There are serious scholars who say in the lifetime of those now being born, death itself can be defeated. Sounds absurd? If someone had said in 1940 that this new born child would live to see hearts, livers and kidneys routinely transplanted, to see infertile parents able to have their gametes joined outside of the body, with the embryos implanted to begin a full pregnancy. And that a fetus could be examined by ultrasound, his DNA (his what?) could be evaluated and the health of the child predicted, they would have been considered nuts.
The routine miracles of every day medicine that have occurred in my lifetime makes dismissing any prediction of future possibilities not an especially good bet. How inadequate does the term "health care" become when we are approaching a time when this is the institution that will determine who shall live in good health for an unimaginable period and who shall be deprived of this long stretch of vitality.
If every other industrialized country has achieved universal health care then why not us? That's really my point; they have already done it. Whatever the faults of their systems, the defects have become part of their civic culture. We are attempting to reconcile two opposing central central philosophies, that of egalitarianism and that of free enterprise. It's a problem our society deals with every day, but never in such stark terms as this.
The present United States Health Care System is a Byzantine agglomeration of Public (Medicare, Medicaid, VA, Chips, Research Funding) and Private (Insurers, Hospitals, Doctors, Drug Companies) with varying Federal or State Jurisdictions. Every state has elaborate rules on every aspect of health insurance, from what must be provided to how the rules are to be enforced. It's fair to say that no individual can possible understand the complexity of this system. The inequities that exist are acceptable to most because they are mostly unknown and unrealized.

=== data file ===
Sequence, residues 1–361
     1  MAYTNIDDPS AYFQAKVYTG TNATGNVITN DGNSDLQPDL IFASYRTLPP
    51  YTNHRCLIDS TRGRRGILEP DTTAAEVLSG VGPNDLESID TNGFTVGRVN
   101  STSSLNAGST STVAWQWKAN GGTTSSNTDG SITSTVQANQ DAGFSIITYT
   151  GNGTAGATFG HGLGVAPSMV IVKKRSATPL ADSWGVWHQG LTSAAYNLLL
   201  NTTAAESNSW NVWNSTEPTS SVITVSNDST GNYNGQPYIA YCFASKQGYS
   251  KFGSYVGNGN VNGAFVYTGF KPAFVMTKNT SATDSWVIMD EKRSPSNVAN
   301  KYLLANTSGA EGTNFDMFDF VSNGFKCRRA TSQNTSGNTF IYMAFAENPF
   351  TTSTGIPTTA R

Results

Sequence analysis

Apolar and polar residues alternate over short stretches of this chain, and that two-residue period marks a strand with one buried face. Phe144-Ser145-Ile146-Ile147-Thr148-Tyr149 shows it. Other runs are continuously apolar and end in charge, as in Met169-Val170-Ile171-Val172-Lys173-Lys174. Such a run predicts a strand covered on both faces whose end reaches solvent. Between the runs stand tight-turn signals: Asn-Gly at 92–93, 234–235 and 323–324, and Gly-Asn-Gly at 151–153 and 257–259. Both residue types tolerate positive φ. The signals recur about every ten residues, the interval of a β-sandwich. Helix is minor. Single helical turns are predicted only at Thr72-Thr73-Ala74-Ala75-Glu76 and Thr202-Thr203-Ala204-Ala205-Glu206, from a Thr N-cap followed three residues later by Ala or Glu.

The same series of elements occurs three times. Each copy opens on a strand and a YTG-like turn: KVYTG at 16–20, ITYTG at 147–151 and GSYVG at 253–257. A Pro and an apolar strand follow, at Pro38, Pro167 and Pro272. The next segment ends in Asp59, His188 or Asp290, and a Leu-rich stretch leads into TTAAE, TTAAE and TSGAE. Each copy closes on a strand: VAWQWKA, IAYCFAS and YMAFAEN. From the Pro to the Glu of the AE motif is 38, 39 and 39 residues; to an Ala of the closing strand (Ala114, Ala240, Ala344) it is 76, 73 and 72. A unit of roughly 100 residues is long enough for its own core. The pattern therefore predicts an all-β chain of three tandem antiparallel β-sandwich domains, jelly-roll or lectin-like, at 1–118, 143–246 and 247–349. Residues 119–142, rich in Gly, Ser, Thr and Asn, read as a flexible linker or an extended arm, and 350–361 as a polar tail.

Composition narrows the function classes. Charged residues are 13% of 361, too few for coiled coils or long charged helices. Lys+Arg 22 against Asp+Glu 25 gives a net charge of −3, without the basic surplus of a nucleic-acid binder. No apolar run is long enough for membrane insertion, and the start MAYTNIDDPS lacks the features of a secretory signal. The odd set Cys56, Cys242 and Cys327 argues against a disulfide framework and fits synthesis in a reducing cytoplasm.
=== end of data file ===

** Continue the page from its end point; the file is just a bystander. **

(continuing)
Because of this complexity, we focus on our own interests in either preserving what we have, or demanding that we have more of the benefits to come. Without a specific proposal to evaluate, we are forced into two camps. The first is those who not only trust Obama, but have confidence in his capability to make this work, that an imperfect law will be the first step to their goals. The others are the mirror image, not only distrusting him, but despising him for threatening something that is precious for us all, and assuming a vague bill will be a slippery slope to their worst nightmares.
While many criticize President Obama for his handling of this endeavor, and I am one of them, it is useful to understand just why this is such an enormously difficult task. So let me rephrase the opening quote from the White House group:
Modern medical advances make death and debility seem no longer inevitable, and as such, even less bearable. As we learn of both the reality and the myths of such advances, those who fear being denied them become terrified, and at times, enraged. The stakes are high, and getting higher as the previously mysterious causes of death and disease start to be understood, with the growing real prospect of intervention.
One of the verities of humanity, that we are born, mature, have a period of healthy adulthood, and then decline and die, is for the first time in our species' existence being altered. We have no model for dealing with this change. The current health care reform debate, while unspoken, is made infinitely more difficult by this new reality.
It could be that the inability to find consensus on this legislation is much more than any failure of the sponsor, but the profoundness of the changes in Medical Science, that we as a people have not even begun to deal with.